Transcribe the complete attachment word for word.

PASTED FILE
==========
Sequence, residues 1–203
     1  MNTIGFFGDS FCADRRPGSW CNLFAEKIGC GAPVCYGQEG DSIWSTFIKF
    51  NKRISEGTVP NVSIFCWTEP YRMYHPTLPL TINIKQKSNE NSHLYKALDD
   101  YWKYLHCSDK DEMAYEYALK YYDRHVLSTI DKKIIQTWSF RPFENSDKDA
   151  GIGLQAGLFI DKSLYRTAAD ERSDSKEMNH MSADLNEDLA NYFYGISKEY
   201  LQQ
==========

Sequence, residues 1–203
     1  MNTIGFFGDS FCADRRPGSW CNLFAEKIGC GAPVCYGQEG DSIWSTFIKF
    51  NKRISEGTVP NVSIFCWTEP YRMYHPTLPL TINIKQKSNE NSHLYKALDD
   101  YWKYLHCSDK DEMAYEYALK YYDRHVLSTI DKKIIQTWSF RPFENSDKDA
   151  GIGLQAGLFI DKSLYRTAAD ERSDSKEMNH MSADLNEDLA NYFYGISKEY
   201  LQQ